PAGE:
Posted on October 13, 2022 by Camp Systems
Once you understand what a negotiation is and when you are in one, it’s time to erase the negotiation myths that allow your respected opponent to gain from you.
This is Part 2 of the transcript from Dave DeSantis’ webinar for GreenWave Commissions’ CEO Slava Isayev. (If you missed Part 1, listen here.)
Dave DeSantis: The first negotiation myth is that compromise is required. Now I know that flies in the face of we’re supposed to play win-win where everybody’s supposed to get along and have mutually beneficial agreements. The problem with that mindset is that you presume that you’re going to have to compromise before you even begin your negotiation and know what the other side wants.
Let’s give an example, you have something to sell, and you wanna sell it for $50. And the other side has a real need for what you’re offering, and they’re willing to pay a hundred for it. Okay, if you go into now, we’re going to negotiate for this. I’d love to get 50: what? If I got 45, I’d be happy. So all of a sudden, my mindset is, how close can I get to my magic number of fifty?
And the other side is saying, “I really want this thing. I can spend up to a hundred, but you know what? I’m not gonna put my first number on the table. I’m gonna let them go first.” And if they’re at least sophisticated enough to let you go first, you may come out with a number like 50.
You lost that opportunity that they were willing to pay much, much more – just because you went in with a preconceived notion of what your value was to you.
You didn’t Look at it from the point of view of the other side. And even worse, if you went in with the mindset that compromise is required, you’d said my dream is to get 50, but I’m willing to get 45.
So you say something like, “Our list price is 50, but of course, we’re willing to work on that,” which basically said your price is not 50.
Slava Isayev: In that type of negotiation sounds like everybody limits their value and the price by the level of their fear.
Dave DeSantis: Exactly. And that level of fear is a thing that we call your neediness.
Okay. So if you’re needy, you’re thinking about yourself. You’re thinking, “I need this deal, versus I want this deal. What you do is you speed yourself up, and you don’t let the deal show itself for its true value on its own pace. All right. So I said, the first myth is everybody thinks that compromise is required. Absolutely not required.
The second myth about negotiation is that it requires power and leverage. The guy with the most power and leverage is going to win. It’s another myth.
People say, “Dave, you’re crazy. Of course, if they’re big Company X and I’m just a little guy, how am I ever gonna negotiate against them? They’ll just squash me, and they won’t let me do anything. So I have to give what they say, or I don’t get anything at all.”
If that’s your mindset, I just wanna ask you to answer this question to yourself….If the other side is so powerful and can do whatever they want, why are they talking to you at all?
If they had everything they wanted, they wouldn’t be talking to you. If they are talking to you, they’re saying you have something that they want that they can’t control on their own. So now, who has the power and leverage? This means they have some, you thinking of it in the traditional context, because maybe they have the money that you want to get from them.
But the flip side is, you have something that they want, that they can’t control on their own. That’s why they’re talking to you. If you start with that premise, “Hey, you’re talking to me. Therefore, you have a problem that you think that I can solve.” And the value you’re gonna get for solving that problem is a function of the pain they feel for having that problem. It has nothing to do with the size of their company and the size of your company.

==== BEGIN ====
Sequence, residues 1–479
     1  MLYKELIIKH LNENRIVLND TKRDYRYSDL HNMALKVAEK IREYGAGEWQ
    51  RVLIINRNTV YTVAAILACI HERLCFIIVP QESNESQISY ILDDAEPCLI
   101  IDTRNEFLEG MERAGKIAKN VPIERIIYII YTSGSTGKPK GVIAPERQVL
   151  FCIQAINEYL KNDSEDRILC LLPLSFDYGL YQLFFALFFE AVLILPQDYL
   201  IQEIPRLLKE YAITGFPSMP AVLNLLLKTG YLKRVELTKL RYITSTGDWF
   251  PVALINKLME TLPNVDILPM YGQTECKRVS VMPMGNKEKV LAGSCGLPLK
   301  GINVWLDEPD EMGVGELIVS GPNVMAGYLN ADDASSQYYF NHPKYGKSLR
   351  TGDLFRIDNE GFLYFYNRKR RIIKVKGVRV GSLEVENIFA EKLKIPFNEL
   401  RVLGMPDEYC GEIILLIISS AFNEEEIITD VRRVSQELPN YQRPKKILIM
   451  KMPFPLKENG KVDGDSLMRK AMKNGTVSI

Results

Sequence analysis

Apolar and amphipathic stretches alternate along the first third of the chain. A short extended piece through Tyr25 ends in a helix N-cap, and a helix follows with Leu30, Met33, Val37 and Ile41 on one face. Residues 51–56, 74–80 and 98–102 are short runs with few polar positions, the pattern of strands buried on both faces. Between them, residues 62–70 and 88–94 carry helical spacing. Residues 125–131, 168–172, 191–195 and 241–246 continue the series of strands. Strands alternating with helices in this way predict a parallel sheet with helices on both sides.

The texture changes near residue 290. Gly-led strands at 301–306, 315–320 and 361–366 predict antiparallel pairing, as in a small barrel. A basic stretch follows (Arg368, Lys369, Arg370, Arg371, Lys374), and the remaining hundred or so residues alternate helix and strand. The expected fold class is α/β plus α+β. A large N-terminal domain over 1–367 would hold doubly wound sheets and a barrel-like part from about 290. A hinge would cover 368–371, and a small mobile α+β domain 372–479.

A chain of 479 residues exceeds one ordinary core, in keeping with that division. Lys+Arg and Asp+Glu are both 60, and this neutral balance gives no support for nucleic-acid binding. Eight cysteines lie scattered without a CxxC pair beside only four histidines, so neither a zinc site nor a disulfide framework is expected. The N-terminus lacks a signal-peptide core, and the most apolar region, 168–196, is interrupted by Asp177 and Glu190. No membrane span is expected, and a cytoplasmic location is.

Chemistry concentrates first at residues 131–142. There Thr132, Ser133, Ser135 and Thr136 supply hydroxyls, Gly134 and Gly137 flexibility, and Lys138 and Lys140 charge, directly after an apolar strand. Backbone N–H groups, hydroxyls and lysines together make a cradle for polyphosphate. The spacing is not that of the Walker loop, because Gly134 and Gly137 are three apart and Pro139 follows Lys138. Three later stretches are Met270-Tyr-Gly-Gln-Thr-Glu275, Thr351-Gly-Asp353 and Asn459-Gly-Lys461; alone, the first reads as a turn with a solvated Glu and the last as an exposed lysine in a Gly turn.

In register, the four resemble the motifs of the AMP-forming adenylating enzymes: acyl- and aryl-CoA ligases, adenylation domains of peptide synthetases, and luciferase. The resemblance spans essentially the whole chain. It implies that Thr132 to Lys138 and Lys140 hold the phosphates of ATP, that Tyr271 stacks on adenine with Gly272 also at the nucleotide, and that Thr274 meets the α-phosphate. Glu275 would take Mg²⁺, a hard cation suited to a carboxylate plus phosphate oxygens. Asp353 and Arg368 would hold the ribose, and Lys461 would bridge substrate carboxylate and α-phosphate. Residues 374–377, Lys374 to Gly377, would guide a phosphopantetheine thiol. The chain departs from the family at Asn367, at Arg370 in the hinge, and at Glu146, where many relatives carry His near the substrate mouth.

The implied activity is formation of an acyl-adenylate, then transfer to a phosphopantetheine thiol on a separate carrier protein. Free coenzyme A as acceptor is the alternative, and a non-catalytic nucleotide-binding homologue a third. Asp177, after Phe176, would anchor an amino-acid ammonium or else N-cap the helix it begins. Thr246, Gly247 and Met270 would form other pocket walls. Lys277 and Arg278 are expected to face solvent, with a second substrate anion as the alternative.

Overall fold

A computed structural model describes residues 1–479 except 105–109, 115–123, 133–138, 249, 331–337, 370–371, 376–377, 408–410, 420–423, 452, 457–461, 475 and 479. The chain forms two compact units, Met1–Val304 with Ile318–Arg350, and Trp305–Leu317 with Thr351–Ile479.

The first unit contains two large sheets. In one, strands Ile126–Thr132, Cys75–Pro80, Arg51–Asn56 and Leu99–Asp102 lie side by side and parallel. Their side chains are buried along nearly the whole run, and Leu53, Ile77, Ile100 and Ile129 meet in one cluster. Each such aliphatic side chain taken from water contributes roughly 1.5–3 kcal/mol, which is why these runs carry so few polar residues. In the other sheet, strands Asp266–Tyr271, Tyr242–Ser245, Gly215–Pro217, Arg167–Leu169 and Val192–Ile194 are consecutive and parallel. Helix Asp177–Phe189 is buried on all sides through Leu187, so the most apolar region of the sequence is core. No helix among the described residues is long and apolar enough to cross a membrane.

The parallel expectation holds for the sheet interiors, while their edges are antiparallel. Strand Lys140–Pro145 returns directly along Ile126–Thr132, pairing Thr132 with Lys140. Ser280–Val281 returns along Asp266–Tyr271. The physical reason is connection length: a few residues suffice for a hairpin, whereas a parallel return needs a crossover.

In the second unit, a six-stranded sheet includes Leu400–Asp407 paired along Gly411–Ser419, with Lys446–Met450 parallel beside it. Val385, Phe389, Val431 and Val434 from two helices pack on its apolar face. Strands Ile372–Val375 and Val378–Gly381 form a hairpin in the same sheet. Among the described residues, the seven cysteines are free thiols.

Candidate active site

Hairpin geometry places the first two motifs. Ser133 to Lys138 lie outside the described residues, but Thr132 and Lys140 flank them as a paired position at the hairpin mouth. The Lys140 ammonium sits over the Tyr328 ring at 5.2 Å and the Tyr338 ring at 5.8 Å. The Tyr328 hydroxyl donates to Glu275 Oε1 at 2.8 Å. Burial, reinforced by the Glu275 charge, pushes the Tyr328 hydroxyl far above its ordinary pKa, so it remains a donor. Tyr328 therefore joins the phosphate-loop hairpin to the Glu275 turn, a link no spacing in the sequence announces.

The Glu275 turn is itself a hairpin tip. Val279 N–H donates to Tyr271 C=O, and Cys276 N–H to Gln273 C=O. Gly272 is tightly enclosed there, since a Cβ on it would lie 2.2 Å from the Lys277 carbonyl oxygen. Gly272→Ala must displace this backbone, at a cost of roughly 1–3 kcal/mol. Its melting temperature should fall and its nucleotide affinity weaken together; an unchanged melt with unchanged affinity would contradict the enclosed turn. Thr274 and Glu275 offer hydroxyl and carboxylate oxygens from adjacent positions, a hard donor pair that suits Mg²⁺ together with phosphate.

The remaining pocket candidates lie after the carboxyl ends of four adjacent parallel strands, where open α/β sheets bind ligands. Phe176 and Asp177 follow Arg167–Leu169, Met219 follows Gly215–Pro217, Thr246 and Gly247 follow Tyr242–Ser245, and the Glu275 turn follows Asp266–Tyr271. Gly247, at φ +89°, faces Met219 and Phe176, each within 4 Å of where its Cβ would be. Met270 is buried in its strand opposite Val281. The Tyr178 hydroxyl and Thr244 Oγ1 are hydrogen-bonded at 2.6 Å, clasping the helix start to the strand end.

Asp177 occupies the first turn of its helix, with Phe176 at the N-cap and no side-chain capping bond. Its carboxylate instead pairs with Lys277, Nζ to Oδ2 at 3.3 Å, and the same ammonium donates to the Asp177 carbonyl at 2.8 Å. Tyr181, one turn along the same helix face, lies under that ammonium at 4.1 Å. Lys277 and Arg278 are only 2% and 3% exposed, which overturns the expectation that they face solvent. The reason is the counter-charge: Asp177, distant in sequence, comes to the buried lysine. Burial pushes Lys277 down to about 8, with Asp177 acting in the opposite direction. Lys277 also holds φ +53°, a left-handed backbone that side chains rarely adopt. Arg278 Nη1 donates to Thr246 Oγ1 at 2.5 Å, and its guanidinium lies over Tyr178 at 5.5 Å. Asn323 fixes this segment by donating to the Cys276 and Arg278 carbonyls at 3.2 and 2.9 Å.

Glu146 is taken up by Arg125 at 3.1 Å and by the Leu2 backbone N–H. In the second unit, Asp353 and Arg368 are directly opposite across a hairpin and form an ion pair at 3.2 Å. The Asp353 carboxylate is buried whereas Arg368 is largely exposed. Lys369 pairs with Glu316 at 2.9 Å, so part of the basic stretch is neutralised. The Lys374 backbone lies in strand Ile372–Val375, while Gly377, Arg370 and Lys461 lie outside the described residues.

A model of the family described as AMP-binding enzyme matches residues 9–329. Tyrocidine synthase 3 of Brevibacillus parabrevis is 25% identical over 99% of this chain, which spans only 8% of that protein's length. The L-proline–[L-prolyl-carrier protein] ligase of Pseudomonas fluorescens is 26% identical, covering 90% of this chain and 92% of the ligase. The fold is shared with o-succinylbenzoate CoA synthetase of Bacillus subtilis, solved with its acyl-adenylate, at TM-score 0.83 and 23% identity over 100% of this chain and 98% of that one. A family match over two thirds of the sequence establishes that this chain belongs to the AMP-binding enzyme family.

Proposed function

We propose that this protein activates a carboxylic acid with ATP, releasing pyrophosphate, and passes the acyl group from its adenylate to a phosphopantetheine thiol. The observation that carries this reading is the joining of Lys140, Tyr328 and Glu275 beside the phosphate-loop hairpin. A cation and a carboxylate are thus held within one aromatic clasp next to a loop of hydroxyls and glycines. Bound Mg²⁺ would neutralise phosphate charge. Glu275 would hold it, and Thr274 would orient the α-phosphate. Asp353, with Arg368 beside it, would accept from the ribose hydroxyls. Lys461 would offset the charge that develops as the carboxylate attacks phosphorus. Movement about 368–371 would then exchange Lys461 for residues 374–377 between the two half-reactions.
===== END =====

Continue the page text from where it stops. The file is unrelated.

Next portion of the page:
Okay. In many instances, if you’re negotiating against a very large company and you’re with some mid-to-senior level person but not an actual owner. They’re used to dealing with telephone numbers, meaning seven-figure deals, maybe. And so, to them, thousands is nothing; it’s a rounding error.
Maybe to you, thousands is a lot. So if you’re dealing with someone like that and you say, “Okay, I could solve your problem for you. It’s gonna cost five figures or six figures.”
To them, that may not even be a lot of money. To you, it’s a tremendous amount. So you have to know your context and have to know that power and leverage are not required.
The third myth about negotiation is that “No” is a bad outcome. Why do we say that? If they say no, I didn’t get the deal. And even worse, if they say no, they reject me and I’m a bad person. Or if I don’t give them what they want and they say no, they’re gonna say you’re gonna damage the relationship. “Never come back here again!” Just a concept. I want you to get out of your head because those are the two big fears of negotiation.
Okay. So back to the third myth, which is no is a bad outcome. No is not a bad outcome. In fact, no isn’t anything. No is just a decision, and it’s a decision that can be changed.
The same way, yes is a decision. And actually, no is a much better decision than yes, because everybody understands what no means. When someone says no to you, it stops. Status quo. Don’t go forward. Stay where you are.
When someone says yes to you. Great. You get all excited. Yes. Now you have to think about under what terms; how do we implement.
Yeah, you got the deal. Great, you show up with your entire team for three years and stay on site with us, and you pay all the expenses. That was an expensive yes.
If they say no to you, at least you understand what they mean. And that’s one of the reasons why we actually like to work with no, preferred to yes.
We’re gonna have to get to yes. And figure out all. Implications of implementation, but at least with no, we know what it means.
Watch out for our upcoming Video #3 on the “2 Negotiation Fears.”